Exam Tip - Skeletal Outlines, Instructions, and Organization

Skeletal Outlines - You will be nervous when the examination proctor says “Begin,” so the worst thing you can do is to start writing out your answer immediately.  Instead, consider writing out your skeletal outline as soon as the exam begins.  A skeletal outline is merely an organized list of principles and issues, created by you, which relates to a given area of the law.  Think about the outline you have been creating all semester, but now reduce it down to a page or two – this is your skeletal outline.  Writing out this list will give a few moments to compose your thoughts before digging into the exam. 

Instructions - Read the instructions!  This is the most obvious advice imaginable, but every exam period several students will, for example, answer 3 short exam questions, only to discover that the instructions said “provide an answer to 1 of the following 3 hypotheticals.”  Most students get flustered at the start of an exam, so this type of mistake is more common than you might imagine.  When the exam starts, take a deep breath, slow yourself down, and read the instructions.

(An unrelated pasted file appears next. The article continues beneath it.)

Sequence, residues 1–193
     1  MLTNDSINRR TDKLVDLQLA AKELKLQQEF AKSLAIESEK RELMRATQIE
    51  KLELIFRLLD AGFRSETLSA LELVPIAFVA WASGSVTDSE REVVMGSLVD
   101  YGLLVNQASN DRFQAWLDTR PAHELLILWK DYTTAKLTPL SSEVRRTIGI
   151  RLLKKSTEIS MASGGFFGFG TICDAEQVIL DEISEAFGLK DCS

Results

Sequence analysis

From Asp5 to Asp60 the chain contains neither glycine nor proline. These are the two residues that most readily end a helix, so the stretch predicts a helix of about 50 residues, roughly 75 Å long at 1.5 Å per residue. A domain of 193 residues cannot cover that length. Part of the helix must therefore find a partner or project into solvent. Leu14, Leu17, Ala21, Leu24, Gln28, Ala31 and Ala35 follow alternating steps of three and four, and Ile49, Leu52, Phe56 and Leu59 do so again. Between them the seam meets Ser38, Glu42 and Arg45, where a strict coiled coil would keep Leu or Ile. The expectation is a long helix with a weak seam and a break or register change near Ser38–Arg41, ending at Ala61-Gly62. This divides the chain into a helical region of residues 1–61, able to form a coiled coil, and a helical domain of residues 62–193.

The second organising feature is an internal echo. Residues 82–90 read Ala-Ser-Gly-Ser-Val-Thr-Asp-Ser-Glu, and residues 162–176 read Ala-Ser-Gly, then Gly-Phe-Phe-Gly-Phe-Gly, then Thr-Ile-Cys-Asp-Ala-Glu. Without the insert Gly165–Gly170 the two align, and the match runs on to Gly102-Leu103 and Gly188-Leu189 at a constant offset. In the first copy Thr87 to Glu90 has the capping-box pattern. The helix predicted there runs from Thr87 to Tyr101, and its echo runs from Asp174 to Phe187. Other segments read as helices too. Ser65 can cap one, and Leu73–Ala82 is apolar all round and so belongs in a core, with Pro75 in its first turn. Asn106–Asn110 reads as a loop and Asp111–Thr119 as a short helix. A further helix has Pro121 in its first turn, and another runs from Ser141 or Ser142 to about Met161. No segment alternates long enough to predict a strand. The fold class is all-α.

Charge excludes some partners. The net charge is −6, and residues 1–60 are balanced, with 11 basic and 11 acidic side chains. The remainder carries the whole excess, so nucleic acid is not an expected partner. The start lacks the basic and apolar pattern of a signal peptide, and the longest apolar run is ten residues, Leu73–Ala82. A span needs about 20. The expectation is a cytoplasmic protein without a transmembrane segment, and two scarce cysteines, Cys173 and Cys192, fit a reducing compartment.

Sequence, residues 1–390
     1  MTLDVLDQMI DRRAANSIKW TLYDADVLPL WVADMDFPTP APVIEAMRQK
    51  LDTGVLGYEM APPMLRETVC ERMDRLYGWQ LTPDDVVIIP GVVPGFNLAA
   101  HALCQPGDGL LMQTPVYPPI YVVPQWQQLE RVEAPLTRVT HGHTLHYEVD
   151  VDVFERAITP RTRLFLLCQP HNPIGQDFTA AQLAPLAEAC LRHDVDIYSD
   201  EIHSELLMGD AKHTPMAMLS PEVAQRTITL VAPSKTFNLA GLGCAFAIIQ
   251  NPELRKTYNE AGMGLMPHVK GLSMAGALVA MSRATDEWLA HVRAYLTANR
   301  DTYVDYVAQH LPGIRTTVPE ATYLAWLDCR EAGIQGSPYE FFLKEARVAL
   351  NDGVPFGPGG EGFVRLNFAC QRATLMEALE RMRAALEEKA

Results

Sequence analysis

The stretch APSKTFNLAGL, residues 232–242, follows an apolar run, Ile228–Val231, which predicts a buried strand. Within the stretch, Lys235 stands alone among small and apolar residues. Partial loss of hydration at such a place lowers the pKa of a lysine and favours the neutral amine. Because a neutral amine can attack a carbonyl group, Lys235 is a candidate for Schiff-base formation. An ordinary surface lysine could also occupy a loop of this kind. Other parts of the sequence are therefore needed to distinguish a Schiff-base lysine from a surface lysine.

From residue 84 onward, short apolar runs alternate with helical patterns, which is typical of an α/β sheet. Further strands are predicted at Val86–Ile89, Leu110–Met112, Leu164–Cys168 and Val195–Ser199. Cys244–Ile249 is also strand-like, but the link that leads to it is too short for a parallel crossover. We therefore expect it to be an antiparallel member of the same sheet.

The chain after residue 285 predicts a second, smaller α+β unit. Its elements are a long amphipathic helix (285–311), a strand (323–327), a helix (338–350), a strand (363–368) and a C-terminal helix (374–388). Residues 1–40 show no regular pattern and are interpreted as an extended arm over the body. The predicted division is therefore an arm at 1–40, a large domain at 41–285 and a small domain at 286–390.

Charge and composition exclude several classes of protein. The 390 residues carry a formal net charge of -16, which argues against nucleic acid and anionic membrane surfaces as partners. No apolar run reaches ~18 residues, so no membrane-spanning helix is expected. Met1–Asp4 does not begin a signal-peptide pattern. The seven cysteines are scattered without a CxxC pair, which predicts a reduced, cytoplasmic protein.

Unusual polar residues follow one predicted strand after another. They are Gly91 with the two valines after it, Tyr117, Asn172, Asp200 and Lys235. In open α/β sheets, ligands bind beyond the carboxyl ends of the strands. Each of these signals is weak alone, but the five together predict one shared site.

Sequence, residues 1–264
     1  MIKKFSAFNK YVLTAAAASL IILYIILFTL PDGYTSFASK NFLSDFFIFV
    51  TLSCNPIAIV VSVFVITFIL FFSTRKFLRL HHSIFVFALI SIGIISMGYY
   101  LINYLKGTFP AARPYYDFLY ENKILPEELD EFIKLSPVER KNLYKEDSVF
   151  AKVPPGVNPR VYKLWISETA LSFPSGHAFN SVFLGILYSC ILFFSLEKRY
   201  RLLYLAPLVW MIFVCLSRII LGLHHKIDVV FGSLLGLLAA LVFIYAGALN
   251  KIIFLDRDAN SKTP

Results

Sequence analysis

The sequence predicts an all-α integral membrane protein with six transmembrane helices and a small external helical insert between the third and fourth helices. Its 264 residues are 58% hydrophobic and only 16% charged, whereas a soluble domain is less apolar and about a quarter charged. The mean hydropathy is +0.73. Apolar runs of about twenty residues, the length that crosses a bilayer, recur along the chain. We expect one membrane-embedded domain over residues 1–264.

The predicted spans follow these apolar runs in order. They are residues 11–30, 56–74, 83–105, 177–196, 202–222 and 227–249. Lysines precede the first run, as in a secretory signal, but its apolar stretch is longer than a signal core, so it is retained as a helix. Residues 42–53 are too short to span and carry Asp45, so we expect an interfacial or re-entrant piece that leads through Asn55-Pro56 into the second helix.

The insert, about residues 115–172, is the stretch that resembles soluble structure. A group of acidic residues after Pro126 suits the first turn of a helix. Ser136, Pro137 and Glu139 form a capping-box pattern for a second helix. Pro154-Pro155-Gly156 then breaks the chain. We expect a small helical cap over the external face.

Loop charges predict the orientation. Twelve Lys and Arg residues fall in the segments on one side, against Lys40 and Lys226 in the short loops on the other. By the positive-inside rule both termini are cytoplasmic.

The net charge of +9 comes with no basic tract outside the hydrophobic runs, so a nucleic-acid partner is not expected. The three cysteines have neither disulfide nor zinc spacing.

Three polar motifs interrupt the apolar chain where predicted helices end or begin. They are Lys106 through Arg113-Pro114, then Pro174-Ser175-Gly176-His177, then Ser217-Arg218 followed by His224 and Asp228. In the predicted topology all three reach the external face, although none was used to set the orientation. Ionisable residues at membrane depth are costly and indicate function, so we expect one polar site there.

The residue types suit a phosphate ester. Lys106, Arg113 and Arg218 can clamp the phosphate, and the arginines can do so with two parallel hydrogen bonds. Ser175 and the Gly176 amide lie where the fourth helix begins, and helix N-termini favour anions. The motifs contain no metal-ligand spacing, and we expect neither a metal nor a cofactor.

Organization - Before answering an essay question, you must outline and organize your response.  Too many students read the first sentence in an essay exam question, recognize an issue, and are so overjoyed at finding an issue that they spend the next 20 minutes responding to it.  The problem with this approach is that the fact pattern was probably over a page long, and the writer just spent more time than was necessary in responding to a relatively straightforward issue.  While different students outline differently, students who perform well on law school exams take the time to read through the entire essay question, create a list of the various issues contained therein, and then take a few more minutes to separate out the major issues from the minor ones.  This approach will give you a better sense of how much time you have to complete your entire answer.